This Train

Yesterday Iposted a story of the death of a New Orleans area woman. It’s a story I just can’t shake. Antoinette had a history of mental illness. Over the weekend police were called to a disturbance and Antoinette was taken to jail. All too often now in NOLA it is the police that are left to deal with the those suffering from mental illness. There are only 17 psych beds in the entire city. When Antoinette was released from jail she refused to go with her family and took off on her own. At 3:30 am on Sunday, 2 tugboat captains reported to police that there was a woman splashing and swimming on her back in the Mississippi River singing gospel songs. At 5:19am Antoinette’s lifeless body was found by Harbor Police.

Singing Gospel Songs.

Think about that.

Picture that.

A tortured woman splashing on the Mississippi River, swimming to her death, Singing Gospel Songs.

This is tragedy. No…this Should be tragedy but in our America today it is not. There was not a bed of care for Antoinette, literally and figuratively. I ask Why. There is not one good reason. And there are many more Antoinettes. Just readthis terrible story today.

Yet there is not two genuine words or deeds emanating from our leaders to adequately address what is happening in New Orleans. There is not the care, compassion or capital to lift the bodies, minds and souls of our people suffering there. We can and will write about the continuing incompetence of FEMA and the waste of federal contracts and trailers and levees and wetlands. But we must acknowledge that we are failing each day in New Orleans. People languish in hopelessness as their lives and beings are marginalized. And they continue to die. A person can only take so much. New Orleans is a Petri dish for discovering a human being’s breaking point.That is the story of New Orleans now.

Today I see there are posts atThink Progress andFiredoglake on a conference hosted by The Center for American Progress for Democratic leaders under the rubric of “Securing the Common Good.”Here is how the common good is defined…

The common good approach to politics represents a clear break with the radical individualism, corruption and greed that define contemporary American life. It marks the end of a politics that leaves people to rise and fall on their own.

And it is atriculated politically asthus

Under a progressive vision of the common good, government must pursue policies that benefit everyone equally. It must ensure that opportunities are abundant and that even those who have been left out and left behind can get the help they need to succeed. Common good progressivism does not meant that everybody will be the same, think the same, or get the same material benefits. Rather, it simply means that people should start from a level playing field and have a reasonable chance to improve their stations in life.

The Gulf Coast screams to us of the failure of conservatism and the need for a progressive common good approach to define who we are and how we will act as Americans. It is not too late for New Orleans. We have opportunity at hand just weeks away. But beyond that we must be mindful of rebuilding and not just the Gulf Coast but in who and what we are as individuals and as a people.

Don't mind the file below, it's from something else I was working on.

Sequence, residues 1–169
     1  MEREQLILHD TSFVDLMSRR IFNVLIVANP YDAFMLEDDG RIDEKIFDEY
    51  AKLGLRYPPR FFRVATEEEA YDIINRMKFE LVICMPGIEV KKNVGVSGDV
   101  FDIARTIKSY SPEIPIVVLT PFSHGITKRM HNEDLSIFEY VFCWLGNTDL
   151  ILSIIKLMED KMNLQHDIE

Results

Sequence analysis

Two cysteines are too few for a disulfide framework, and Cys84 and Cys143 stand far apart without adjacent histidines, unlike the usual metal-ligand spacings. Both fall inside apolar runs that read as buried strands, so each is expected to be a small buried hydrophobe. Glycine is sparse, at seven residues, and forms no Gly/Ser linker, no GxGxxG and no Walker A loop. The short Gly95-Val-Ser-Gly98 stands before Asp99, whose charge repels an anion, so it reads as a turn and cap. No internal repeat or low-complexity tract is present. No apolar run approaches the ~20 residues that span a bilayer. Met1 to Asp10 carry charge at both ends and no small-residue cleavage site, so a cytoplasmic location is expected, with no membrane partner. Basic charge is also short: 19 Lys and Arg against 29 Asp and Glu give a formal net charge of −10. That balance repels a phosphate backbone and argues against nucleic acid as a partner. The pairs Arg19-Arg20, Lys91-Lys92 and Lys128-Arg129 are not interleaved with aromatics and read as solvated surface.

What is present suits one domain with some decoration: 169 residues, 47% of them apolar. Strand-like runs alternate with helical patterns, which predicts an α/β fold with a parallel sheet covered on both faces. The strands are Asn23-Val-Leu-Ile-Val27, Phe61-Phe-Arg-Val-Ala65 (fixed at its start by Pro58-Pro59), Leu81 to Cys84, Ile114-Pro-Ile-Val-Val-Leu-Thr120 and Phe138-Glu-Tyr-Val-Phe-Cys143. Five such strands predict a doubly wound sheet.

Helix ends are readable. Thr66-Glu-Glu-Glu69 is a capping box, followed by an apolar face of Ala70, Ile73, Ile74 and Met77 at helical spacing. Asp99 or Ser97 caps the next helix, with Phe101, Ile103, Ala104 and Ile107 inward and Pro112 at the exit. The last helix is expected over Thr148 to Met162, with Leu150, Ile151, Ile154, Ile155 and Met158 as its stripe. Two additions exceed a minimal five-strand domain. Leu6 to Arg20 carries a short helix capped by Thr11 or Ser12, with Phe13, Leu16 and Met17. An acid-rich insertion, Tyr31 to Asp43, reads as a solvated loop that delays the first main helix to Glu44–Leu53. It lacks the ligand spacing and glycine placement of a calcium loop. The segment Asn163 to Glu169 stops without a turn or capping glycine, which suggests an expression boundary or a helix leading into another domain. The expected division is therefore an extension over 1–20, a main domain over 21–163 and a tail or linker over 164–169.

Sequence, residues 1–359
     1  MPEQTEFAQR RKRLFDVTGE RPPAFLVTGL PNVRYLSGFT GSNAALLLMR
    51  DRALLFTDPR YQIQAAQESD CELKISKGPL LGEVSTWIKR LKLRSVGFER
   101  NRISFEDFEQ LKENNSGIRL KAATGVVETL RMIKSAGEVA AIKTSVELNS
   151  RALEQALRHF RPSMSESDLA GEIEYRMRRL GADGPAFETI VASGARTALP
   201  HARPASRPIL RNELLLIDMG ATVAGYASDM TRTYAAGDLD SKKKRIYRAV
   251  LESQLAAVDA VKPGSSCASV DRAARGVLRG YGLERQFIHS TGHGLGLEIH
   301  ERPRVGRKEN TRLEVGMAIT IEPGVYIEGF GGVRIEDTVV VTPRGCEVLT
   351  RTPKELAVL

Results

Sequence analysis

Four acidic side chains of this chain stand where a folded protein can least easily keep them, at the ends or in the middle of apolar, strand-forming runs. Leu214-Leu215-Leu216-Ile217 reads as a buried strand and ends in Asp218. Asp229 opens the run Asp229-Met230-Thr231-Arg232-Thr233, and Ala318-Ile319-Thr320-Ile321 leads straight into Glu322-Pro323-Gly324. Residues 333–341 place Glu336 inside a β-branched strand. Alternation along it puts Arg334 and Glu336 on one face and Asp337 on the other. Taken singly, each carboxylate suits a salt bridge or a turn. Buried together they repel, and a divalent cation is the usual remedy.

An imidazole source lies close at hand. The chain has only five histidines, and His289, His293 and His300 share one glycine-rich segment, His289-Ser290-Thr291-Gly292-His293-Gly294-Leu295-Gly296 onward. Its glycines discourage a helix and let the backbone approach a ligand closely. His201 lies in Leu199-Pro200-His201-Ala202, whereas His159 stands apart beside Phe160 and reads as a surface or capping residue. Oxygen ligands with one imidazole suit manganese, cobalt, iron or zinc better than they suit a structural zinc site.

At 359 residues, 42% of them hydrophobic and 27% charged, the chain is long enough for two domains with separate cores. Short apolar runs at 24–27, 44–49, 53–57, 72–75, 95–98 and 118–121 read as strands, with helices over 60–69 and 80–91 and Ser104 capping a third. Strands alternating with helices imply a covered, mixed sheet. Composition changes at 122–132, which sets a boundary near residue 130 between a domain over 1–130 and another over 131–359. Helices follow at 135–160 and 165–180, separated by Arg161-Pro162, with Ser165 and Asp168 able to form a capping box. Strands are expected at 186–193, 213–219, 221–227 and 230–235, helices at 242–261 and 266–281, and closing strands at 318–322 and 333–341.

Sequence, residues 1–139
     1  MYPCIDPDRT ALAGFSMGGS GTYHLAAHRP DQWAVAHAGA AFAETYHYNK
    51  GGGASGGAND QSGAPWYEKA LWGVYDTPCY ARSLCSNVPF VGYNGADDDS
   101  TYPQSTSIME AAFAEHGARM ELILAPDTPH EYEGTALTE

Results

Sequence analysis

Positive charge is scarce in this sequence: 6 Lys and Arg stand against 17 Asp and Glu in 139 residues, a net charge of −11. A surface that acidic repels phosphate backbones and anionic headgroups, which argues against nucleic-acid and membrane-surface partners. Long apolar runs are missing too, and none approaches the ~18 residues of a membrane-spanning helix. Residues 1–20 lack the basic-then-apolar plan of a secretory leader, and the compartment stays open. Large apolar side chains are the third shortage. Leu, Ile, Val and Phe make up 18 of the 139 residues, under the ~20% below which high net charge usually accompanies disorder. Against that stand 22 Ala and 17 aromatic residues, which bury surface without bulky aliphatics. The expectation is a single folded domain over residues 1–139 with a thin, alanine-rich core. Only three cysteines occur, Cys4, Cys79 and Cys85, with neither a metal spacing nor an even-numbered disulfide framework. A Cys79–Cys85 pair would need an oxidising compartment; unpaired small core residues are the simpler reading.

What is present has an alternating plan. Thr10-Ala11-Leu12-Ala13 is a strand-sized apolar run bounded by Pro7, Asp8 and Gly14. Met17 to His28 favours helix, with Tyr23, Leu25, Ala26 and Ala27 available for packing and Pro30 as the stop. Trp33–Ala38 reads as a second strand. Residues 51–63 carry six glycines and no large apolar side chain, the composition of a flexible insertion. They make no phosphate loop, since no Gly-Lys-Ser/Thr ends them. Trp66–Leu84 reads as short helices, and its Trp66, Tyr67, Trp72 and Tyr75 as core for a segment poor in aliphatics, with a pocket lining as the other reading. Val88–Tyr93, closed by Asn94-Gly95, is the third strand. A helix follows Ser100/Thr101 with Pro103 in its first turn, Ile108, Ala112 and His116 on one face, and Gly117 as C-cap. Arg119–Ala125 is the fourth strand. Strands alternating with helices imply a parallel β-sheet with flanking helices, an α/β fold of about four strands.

So I put to you what Christy put to her readers…

what is it that motivates me as a progressive? What motivates you? What is it, at your core, that keeps you involved in politics — where do you want to see this nation of ours, your community, all of us — go, in the next few years? Why are you a progressive?

Let’s talk…

9 thoughts on “This Train

  1. Jesus Christ. That is so horrific.
    What motives me as a progressive? Let’s see…
    the desire for my children to grow up in a world where all (not just white) human life is valued (and not just in the fucking womb), and for the policies of this nation, and the international community, to reflect that value.
    Progressive Majority has a terrific set of guiding principles on its website (http://www.progressivemajority.org/values/principles.asp):
    At Progressive Majority, we believe that every individual has the right to:
    * Safety in the home, in the community and in the world;
    * Free speech and assembly;
    * Civil rights and liberties, including the right to trial by jury, effective counsel and due process of law;
    * Privacy, including protection from unwarranted invasion or surveillance and unreasonable search and seizure;
    * Vote and to have his or her vote count;
    * Equal opportunity and protection, with an end to discrimination based on race, ethnicity, gender, religion, physical or developmental ability or sexual orientation;
    * Economic justice, including decent and safe work that pays a living wage and the right to organize for better working conditions;
    * Security in retirement, including a Social Security system that provides an inflation-proof base;
    * Affordable and comprehensive health care;
    * High quality education at any age, with income posing no hurdle to advancement;